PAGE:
Why the Government is Right to Block the AT&T-Time Warner Merger

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[Commentary] Despite what AT&T CEO Randall Stephenson thinks, the Department of Justice’s suit blocking AT&T from acquiring Time Warner’s assets in an $85 billion merger is a great moment for antitrust in America. It’s late, but it’s welcome.

AT&T hurt itself by failing to respect DOJ staff that learned key lessons from the giant merger of Comcast with NBCU in 2011: So-called "vertical" mergers between big content and transmission companies can have pernicious consequences for consumers, even if the merger does not remove a competitor from the field. The staff has gotten the message that, in this heavily concentrated, stagnant, and essentially noncompetitive marketplace, trying to smooth over illegal mergers with conditions and ongoing oversight doesn’t work. That’s why, informed by years of staff experience and frustration with Comcast/NBCU, DOJ’s antitrust head Delrahim has sued to block AT&T from completing its deal. DOJ has a very strong case. AT&T not only failed to address the department’s concerns, but also unintentionally provided ammo in the form of the company’s strategic statements over the years. The DOJ uses quotes from AT&T’s and DirecTV’s own internal documents to show that the merged company intended to use Turner’s top-rated, widely distributed content as a sledgehammer both (a) to raise prices for any other competing video distributor, so as (ultimately) to drive those distributors’ customers into AT&T’s arms, and (b) to slow competition from online video.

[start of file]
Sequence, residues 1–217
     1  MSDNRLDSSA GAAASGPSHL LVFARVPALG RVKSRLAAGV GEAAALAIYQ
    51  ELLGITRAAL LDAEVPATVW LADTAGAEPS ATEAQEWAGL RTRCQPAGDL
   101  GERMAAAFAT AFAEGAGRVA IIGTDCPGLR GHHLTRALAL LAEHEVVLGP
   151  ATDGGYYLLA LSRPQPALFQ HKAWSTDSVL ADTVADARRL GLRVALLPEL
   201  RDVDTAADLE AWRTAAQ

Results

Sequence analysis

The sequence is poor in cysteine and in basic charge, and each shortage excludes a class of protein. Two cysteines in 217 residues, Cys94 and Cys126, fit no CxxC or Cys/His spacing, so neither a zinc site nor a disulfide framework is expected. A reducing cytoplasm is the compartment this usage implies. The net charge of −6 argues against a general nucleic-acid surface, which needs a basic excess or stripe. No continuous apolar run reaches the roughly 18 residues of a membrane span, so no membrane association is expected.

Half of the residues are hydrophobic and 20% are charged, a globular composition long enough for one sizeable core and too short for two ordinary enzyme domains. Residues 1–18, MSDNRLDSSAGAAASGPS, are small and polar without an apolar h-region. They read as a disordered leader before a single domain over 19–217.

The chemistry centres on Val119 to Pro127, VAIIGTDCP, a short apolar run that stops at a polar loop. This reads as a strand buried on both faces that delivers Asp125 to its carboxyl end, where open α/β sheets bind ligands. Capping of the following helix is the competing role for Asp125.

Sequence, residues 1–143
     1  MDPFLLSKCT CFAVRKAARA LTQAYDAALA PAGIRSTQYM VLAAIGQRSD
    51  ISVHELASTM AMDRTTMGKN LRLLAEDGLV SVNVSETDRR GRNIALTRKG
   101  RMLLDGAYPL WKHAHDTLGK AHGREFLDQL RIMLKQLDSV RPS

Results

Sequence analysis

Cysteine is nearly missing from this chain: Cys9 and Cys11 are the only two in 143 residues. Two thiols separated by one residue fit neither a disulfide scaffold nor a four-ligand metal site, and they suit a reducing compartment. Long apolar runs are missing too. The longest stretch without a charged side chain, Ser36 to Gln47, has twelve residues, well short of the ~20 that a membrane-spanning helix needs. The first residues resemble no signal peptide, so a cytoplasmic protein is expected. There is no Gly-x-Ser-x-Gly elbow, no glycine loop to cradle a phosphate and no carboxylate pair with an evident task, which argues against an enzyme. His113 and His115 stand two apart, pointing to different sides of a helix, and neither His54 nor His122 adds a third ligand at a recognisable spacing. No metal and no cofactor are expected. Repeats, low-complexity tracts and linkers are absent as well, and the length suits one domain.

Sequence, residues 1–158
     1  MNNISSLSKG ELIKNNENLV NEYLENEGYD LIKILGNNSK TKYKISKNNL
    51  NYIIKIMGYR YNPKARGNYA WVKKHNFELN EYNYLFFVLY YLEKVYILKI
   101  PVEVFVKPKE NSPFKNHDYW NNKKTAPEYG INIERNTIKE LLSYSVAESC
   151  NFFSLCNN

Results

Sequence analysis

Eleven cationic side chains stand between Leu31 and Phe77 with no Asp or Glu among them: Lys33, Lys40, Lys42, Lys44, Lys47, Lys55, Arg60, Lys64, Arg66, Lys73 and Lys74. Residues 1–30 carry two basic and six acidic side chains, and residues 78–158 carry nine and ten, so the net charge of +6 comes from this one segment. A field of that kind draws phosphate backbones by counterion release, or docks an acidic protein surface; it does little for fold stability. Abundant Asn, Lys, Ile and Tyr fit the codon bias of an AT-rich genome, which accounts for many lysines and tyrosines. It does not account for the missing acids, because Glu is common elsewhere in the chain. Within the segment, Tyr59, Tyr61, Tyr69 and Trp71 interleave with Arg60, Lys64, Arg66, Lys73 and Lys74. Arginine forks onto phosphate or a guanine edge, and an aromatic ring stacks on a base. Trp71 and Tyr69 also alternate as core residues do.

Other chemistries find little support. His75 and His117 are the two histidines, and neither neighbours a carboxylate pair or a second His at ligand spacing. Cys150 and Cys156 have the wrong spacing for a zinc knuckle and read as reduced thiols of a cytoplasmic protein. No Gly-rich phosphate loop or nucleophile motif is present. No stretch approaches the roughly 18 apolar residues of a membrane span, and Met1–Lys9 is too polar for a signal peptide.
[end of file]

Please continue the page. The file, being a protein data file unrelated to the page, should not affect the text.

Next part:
[Susan Crawford is a professor at Harvard Law School]


Why the Government is Right to Block the AT&T-Time Warner Merger